Which Prescription Painkillers Are Abused?

There are many prescription painkillers and other prescription medicines that people abuse. The most common ones include:

  • OxyContin (Oxycodone): This powerful opioid prescribed to treat severe or chronic pain blocks pain receptors, so you can’t feel as much pain. It also relaxes you, so you don’t care about the pain.
  • Vicodin & Norco (Hydrocodone): Vicodin & Norco are among the the oldest prescription painkillers on the market. They’re a combination of acetaminophen and hydrocodone, two painkillers. Hydrocodone is an opioid painkiller. When combined, acetaminophen amplifies the effect of hydrocodone. Vicodin & Norco are prescribed for mild to moderate pain, and they can be very addictive.
  • Fentanyl: Fentanyl is a very strong opioid which is usually used in form of a patch for chronic pain or in a hospital setting. In recent years, fentanyl has been responsible for many overdose deaths. In 2015 the DEA issued a nationwide alert due to the “alarming rate” of overdose deaths involving heroin laced with fentanyl.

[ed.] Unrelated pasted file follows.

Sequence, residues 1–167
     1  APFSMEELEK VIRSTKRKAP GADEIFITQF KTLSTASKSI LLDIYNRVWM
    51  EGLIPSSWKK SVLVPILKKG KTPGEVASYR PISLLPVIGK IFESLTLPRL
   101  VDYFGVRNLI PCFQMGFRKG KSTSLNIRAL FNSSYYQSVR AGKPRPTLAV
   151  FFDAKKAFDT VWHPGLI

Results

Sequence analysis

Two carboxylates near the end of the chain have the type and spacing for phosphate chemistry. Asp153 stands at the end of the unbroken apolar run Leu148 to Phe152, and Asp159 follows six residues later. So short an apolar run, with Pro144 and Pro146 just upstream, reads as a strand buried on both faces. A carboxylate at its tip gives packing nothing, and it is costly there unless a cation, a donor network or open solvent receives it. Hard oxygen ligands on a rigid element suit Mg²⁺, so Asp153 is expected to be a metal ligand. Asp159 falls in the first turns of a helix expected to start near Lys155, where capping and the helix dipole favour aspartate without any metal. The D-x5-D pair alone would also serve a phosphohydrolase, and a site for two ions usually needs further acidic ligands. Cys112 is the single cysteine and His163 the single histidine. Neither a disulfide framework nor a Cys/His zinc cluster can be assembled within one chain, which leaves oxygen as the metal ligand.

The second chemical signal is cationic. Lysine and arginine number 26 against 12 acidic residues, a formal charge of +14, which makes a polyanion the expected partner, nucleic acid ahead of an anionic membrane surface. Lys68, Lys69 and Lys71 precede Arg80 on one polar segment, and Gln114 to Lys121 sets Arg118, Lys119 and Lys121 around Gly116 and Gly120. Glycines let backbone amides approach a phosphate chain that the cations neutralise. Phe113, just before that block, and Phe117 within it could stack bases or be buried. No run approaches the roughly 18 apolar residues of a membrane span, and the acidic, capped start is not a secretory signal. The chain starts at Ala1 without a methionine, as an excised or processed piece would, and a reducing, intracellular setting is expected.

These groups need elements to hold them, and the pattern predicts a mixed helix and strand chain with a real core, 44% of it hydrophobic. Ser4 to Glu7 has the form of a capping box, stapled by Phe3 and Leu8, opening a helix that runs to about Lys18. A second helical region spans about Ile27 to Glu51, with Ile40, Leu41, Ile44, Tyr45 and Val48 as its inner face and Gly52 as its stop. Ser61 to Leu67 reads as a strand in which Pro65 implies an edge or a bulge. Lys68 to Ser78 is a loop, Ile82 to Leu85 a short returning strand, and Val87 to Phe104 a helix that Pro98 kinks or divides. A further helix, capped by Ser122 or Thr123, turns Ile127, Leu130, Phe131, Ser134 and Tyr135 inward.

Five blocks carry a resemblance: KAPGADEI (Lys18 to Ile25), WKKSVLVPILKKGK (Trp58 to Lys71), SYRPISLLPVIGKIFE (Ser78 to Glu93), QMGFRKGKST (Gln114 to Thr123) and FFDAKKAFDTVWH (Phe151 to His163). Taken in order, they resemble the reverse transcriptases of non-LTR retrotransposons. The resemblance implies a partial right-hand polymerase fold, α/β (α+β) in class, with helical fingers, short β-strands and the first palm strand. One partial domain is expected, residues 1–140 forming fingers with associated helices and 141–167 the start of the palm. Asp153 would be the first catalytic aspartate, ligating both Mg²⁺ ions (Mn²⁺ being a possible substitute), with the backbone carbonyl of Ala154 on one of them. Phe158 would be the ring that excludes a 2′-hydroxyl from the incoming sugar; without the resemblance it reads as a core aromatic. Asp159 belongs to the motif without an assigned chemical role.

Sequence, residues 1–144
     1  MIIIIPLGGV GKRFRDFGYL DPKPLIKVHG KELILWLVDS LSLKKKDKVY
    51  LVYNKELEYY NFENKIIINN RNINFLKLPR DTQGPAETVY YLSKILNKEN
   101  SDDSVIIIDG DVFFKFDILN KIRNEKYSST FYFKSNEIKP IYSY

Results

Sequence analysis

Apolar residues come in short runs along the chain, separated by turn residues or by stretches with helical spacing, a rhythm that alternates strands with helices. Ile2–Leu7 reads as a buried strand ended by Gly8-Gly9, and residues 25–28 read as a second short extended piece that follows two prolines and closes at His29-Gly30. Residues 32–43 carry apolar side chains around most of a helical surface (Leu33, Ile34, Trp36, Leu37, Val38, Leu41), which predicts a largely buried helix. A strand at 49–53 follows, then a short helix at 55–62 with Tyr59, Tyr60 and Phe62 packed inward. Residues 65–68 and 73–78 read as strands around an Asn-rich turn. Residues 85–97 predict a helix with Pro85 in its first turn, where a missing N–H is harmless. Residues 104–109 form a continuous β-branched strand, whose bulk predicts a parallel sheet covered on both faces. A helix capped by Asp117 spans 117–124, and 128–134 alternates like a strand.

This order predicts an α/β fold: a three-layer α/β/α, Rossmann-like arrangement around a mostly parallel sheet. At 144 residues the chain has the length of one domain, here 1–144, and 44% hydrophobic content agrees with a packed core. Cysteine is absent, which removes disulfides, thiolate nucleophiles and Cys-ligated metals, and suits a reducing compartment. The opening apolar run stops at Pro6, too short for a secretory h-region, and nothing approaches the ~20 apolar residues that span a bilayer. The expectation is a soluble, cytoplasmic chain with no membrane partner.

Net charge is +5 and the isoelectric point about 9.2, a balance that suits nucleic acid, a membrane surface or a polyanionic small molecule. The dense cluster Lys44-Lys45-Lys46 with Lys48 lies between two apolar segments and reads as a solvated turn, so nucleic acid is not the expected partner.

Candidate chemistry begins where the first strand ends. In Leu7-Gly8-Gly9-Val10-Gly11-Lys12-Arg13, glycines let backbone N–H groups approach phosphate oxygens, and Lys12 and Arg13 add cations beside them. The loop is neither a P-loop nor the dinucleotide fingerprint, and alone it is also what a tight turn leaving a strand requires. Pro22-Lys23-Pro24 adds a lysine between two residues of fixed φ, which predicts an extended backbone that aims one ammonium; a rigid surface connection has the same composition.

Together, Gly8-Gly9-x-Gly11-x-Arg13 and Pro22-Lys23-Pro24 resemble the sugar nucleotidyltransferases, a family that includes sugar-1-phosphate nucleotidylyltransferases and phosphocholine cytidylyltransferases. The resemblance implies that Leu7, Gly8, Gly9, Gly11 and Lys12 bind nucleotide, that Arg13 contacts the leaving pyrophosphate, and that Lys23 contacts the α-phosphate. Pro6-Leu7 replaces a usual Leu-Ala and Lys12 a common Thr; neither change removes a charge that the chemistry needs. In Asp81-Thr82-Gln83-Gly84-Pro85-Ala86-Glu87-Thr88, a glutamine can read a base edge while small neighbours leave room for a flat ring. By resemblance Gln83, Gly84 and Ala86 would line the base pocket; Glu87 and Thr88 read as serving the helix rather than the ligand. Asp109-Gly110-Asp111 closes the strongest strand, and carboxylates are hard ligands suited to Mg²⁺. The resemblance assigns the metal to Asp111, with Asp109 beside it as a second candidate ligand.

• Percocet: Percocet combines acetaminophen and oxycodone. It’s prescribed to treat moderate to severe pain.

There are many other non-opioid prescription drugs that can become addictive, too. Certain benzodiazepines including Xanax, Ativan and Valium can be extremely addictive. Teens often abuse Ritalin and other stimulant drugs, stealing or trading them with one another to use recreationally. Any of these drugs has the potential for being abused.

How Prescription Painkillers Work

Prescription painkillers are most often taken as a pill. When you swallow the pill, your stomach acids dissolve it, and the medicine is absorbed into the bloodstream. You’ll feel the maximum effects about 90 minutes after taking a painkiller.

Once the medicine enters your bloodstream, it binds to one or more of the four different types of opioid receptors in the body. Prescription painkillers produce a feeling of euphoria and sleepiness. They slow down your respiration as well as digestion, which can lead to constipation.

Over time, tolerance to the drugs develops. Tolerance means your body becomes used to the initial amount. It takes more of the same drug to produce a similar effect and abruptly stopping the drug produces a severe withdrawal.